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The information came to light after a lengthy battle waged by the non-profit group, The National Security Archive, whose goal is to expose government documents under the framework of the Freedom of Information Act.
The revelations cast a negative light not only on American intelligence activity but also the U.S. Army's conduct in Germany at the conclusion of the war. The military made efforts to recruit members of the SS and the Gestapo into its ranks despite simultaenously waging a campaign of de-Nazification over vanquished Germany, a process which included arresting and trying Nazi war criminals.
In the past, some disclosures have been extremely humiliating, such as the news that America's most notorious Nazi "asset" was Klaus Barbie, an SS man and Gestapo officer recruited by the U.S. Army Counterintelligence Corps (CIC) in 1947. The French, who wanted to try Barbie for such war crimes as sending Jewish children to Auschwitz and ordering the murder of resistance leader Jean Moulin, learned that he was being sheltered by the CIC. When Paris demanded that he be turned over, the U.S. Army helped Barbie flee to South America on a clandestine "ratline." (In 1983, the Bolivian government extradited Barbie to France, where he was convicted of crimes against humanity and died in prison.)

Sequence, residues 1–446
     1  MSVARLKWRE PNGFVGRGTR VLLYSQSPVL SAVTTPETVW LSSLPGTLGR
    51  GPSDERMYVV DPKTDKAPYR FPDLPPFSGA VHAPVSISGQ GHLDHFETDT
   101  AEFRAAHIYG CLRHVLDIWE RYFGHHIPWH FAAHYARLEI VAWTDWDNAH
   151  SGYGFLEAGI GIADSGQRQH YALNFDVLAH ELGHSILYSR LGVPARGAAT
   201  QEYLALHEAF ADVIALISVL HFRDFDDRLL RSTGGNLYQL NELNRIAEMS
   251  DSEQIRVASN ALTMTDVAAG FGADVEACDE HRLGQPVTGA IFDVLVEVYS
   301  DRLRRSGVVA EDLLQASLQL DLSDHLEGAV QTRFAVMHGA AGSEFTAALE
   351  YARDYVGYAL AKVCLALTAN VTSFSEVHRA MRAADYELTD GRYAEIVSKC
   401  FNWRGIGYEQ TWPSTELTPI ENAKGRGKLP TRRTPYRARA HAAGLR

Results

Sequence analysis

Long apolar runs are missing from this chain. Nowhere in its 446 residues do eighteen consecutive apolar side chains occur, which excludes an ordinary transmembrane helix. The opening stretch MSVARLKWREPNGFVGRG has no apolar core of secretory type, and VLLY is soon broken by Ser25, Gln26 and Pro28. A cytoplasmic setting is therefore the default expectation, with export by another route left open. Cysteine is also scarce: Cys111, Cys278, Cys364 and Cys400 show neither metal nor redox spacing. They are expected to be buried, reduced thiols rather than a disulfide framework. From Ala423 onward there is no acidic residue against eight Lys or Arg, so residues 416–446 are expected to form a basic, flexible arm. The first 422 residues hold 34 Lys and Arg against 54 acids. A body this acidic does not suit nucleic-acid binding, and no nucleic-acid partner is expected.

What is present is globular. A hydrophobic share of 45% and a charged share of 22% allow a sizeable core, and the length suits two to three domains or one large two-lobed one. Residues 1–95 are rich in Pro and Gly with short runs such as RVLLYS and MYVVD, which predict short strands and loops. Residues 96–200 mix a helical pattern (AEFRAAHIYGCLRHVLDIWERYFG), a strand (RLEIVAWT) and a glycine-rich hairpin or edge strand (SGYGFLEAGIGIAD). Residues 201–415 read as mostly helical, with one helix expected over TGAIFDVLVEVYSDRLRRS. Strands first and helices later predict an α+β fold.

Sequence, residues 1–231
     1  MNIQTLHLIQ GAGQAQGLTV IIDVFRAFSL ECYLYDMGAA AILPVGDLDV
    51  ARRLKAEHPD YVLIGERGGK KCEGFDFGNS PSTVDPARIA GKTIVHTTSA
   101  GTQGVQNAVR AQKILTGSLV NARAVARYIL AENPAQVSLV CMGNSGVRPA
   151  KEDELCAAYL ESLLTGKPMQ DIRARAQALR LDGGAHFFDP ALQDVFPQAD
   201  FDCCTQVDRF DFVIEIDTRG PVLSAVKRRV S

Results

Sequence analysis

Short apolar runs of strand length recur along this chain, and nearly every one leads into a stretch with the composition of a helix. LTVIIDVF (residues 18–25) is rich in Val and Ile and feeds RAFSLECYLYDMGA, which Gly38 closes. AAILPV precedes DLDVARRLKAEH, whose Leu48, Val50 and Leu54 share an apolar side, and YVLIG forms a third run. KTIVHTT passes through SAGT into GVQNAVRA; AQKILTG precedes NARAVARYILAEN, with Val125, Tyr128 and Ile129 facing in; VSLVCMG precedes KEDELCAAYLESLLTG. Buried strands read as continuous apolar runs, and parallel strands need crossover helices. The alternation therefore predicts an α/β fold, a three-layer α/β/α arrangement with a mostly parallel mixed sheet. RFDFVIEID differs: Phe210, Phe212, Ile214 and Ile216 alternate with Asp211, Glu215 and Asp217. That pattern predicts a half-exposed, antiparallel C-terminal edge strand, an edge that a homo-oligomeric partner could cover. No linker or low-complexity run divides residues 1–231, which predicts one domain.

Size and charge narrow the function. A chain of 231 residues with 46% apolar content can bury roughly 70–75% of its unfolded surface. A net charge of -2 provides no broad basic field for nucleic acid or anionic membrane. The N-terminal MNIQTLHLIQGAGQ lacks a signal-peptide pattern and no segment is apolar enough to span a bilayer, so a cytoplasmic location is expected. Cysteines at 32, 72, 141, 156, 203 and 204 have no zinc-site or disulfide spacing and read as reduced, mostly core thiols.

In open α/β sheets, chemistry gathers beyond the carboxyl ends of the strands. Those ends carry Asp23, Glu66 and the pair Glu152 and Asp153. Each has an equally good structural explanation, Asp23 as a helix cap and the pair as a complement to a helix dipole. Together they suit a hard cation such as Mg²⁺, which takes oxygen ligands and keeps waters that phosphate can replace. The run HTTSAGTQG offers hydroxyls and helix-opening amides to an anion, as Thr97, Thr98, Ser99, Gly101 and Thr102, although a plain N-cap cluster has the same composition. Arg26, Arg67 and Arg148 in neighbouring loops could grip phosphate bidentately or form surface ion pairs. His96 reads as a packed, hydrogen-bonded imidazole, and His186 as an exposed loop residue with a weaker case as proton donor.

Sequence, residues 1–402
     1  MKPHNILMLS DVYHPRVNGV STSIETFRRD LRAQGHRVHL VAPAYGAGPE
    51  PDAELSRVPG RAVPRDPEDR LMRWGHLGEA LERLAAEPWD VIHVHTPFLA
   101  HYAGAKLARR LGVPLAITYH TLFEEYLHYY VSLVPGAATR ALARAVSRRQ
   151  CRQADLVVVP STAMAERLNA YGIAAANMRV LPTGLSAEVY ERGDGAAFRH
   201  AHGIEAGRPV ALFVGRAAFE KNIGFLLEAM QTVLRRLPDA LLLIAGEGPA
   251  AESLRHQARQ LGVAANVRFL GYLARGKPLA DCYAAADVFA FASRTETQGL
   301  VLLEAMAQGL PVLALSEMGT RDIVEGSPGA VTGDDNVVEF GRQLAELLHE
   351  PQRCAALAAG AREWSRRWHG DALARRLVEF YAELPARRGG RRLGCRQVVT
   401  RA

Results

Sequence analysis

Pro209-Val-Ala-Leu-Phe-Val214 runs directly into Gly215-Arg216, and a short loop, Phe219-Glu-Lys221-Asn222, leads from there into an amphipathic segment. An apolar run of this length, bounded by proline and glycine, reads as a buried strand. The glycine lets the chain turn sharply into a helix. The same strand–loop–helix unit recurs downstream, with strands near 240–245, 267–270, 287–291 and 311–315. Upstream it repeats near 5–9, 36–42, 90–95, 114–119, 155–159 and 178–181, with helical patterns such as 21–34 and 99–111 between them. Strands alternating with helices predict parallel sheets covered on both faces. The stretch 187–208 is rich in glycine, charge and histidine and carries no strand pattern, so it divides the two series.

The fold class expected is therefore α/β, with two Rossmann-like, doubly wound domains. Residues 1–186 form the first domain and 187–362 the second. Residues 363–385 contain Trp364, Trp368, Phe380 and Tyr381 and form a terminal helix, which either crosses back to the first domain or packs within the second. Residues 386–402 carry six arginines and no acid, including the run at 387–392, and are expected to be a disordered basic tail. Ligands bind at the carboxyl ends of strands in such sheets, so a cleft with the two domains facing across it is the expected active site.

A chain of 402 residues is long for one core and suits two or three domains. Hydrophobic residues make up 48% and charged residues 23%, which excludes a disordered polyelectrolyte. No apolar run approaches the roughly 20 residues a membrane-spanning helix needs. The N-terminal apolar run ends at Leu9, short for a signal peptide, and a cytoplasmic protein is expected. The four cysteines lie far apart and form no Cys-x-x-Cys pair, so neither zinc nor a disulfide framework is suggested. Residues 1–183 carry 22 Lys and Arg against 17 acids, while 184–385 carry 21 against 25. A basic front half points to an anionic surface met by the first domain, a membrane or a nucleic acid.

The CIA, under pressure from Congress, has agreed in principle to release new documents detailing its ties to former Nazis who aided U.S. Cold War espionage against the Soviet Union, officials said on Sunday.
The CIA, which had no immediate comment, has released some 1.25 million pages of documents about Nazi war criminals in compliance with the disclosure act, which requires government agencies to divulge records of war criminals to the Nazi War Crimes and Japanese Imperial Government Records Interagency Working Group.